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szielinski



Joined: 13 Jul 2003
Posts: 96
Location: Canberra, Australia

PostPosted: Tue Jan 02, 2007 04:35    Post subject: Reply with quote

Speaking of the "Romance of Engines", how tender would the bearing be in an 11-cylinder engine?

That's only ~65 degrees between each power stroke, not a lot of time to squeeze any oil into the bearing space!
_________________
“Make everything as simple as possible - but not simpler” – Einstein.
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rhaus



Joined: 08 Feb 2005
Posts: 20

PostPosted: Tue Jan 02, 2007 11:59    Post subject: Reply with quote

I've never seen one of those Nordberg radial diesels that I mentioned before, but I am sure everything about them was massive....you are correct that the bearing area would no doubt need to be huge to withstand the loading/lube conditions present....fortunately for the Nordberg, industrial engines run SLOW, giving more time to get oil into needed areas.....And unlike the aircraft engines, industrial units must run and run and run with minimal maintenance schedules. Maybe one of our members in the Texas area could inquire as to what became of these machines?? ...who knows, maybe Alcoa still runs a couple of them???

rh
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pshort



Joined: 13 Jul 2003
Posts: 51
Location: Auckland, New Zealand

PostPosted: Tue Jan 02, 2007 17:43    Post subject: Reply with quote

RH,
I am sure the big Nordberg radials were 12 cylinder.

Nordberg used at least two interesting systems for giving the rods a true motion, thus better balance. One system used a geared counterweight, the other uses 'restraining cranks' and knuckle pins. All had identical con rods, no master rod. Two-stroke with ports for scavenge and exhaust. I think there was a mechanically operated gas valve on the spark-ignition version. These engines could run on diesel, gas (spark igintion) or both.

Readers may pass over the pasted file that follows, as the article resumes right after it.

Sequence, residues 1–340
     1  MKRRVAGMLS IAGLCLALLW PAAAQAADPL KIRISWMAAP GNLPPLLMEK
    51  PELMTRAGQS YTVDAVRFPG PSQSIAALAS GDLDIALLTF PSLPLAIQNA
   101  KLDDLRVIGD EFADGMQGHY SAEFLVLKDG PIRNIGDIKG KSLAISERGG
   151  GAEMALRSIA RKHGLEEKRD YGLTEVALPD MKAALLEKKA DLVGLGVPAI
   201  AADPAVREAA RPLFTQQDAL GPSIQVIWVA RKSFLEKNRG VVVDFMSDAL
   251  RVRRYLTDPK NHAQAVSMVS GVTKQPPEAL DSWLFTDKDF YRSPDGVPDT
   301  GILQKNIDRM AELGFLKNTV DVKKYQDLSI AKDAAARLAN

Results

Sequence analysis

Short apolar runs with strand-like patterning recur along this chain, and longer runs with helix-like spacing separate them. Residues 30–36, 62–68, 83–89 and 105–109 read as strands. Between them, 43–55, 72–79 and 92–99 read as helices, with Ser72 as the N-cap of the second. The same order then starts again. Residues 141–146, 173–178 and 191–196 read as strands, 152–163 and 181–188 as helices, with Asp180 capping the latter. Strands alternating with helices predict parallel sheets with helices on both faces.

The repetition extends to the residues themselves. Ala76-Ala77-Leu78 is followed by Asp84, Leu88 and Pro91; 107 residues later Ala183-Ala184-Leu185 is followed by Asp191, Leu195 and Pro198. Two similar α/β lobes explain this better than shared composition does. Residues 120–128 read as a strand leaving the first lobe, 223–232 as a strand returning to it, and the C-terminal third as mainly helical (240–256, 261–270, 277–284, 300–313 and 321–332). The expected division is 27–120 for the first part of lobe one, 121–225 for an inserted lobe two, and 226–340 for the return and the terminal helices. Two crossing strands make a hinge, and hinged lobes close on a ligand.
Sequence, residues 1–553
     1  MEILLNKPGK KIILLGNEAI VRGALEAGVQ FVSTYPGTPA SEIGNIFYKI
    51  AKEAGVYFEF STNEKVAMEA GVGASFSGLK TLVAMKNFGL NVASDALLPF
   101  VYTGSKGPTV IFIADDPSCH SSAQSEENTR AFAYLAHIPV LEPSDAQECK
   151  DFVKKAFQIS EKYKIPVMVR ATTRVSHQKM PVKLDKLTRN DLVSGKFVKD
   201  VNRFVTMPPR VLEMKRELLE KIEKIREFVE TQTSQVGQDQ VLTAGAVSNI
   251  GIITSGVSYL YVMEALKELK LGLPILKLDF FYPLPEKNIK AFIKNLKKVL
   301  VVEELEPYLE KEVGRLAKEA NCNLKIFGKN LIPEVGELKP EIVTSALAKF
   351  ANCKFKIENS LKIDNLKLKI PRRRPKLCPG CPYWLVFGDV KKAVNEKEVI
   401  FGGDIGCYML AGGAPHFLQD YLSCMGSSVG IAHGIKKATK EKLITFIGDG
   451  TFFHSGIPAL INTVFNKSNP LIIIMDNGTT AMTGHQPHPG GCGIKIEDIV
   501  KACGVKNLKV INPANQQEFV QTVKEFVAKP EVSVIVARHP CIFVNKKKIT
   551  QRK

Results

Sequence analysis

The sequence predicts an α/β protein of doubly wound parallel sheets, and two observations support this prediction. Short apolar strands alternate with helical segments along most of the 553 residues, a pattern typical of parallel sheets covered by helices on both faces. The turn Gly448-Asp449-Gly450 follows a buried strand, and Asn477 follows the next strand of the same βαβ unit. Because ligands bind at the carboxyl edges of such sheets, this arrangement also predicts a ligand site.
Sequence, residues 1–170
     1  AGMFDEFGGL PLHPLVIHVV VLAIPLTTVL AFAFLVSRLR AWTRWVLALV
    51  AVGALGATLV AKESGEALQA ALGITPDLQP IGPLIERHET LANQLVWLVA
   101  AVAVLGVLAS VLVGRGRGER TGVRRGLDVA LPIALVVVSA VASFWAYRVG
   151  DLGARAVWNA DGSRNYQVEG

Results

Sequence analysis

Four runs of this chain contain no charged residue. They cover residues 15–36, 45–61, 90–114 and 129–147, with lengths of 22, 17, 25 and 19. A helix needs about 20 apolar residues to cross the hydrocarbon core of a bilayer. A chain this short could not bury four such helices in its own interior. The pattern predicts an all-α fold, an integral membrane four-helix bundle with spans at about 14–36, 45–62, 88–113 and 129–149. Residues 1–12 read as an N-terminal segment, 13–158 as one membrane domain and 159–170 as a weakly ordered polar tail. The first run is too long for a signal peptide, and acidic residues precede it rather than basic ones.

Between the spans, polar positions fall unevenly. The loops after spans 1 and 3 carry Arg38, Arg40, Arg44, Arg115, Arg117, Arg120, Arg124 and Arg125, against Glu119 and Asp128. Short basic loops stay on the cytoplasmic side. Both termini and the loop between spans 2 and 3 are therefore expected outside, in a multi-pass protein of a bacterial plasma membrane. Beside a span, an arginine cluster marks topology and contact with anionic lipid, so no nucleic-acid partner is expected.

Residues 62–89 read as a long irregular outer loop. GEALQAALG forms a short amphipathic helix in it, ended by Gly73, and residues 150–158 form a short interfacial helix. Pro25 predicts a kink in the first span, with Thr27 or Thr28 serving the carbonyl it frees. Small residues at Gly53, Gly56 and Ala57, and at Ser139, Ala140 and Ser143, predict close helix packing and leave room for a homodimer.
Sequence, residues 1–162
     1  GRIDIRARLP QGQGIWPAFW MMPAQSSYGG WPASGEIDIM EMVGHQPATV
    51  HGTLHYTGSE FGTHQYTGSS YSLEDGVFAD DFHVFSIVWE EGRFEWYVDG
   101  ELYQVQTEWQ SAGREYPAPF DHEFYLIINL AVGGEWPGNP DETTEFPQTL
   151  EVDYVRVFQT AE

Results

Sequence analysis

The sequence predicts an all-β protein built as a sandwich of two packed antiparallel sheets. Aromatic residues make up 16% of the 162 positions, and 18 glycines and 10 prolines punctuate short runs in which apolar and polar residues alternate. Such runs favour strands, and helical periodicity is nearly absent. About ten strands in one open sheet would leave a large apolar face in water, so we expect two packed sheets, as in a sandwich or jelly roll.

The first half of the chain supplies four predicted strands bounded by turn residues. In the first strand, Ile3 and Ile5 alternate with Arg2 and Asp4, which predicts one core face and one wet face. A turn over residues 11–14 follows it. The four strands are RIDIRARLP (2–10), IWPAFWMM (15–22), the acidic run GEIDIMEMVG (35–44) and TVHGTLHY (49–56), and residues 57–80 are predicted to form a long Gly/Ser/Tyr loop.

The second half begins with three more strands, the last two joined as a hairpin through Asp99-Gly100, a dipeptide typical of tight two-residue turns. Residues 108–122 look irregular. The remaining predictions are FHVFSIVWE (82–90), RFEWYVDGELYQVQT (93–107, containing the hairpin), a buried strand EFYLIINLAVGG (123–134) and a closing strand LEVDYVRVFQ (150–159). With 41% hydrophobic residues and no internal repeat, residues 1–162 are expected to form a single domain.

These engines were large (14" bore, 16" stroke), water cooled, vertical crank. Scavenge options were engine driven pump or electric motor driven pump, or twin turbos and intercoolers.
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rhaus



Joined: 08 Feb 2005
Posts: 20

PostPosted: Wed Jan 03, 2007 09:45    Post subject: Reply with quote

I know they made both 11 and 12 cylinder versions (Alcoa had bought some of each, according to the book I was reading.) ...but I have no other info, so the additional info you provided is much appreciated...you wouldn't happen to have any photos of these would you?

thanks,
rh
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pshort



Joined: 13 Jul 2003
Posts: 51
Location: Auckland, New Zealand

PostPosted: Wed Jan 03, 2007 18:52    Post subject: Reply with quote

rh,

there is quite alot of stuff here about Nordberg:

http://www.oldengine.org/members/diesel/Nordberg/Nordmenu.htm

Also check US patent 2,584,098 for one of the Nordberg crank patents.

(Jukka, apologies for getting off the topic)
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dyonker



Joined: 13 Jul 2003
Posts: 1

PostPosted: Fri Jan 01, 2010 12:12    Post subject: Reply with quote

Better late than never! Check out Graham White's "Allied Aircraft Piston Engines of WW II". On page 372 is the description and a photo of the Wright R-4090 22 cylinder two row radial. You'll have to judge for yourself whether it could be described as successful.
jdy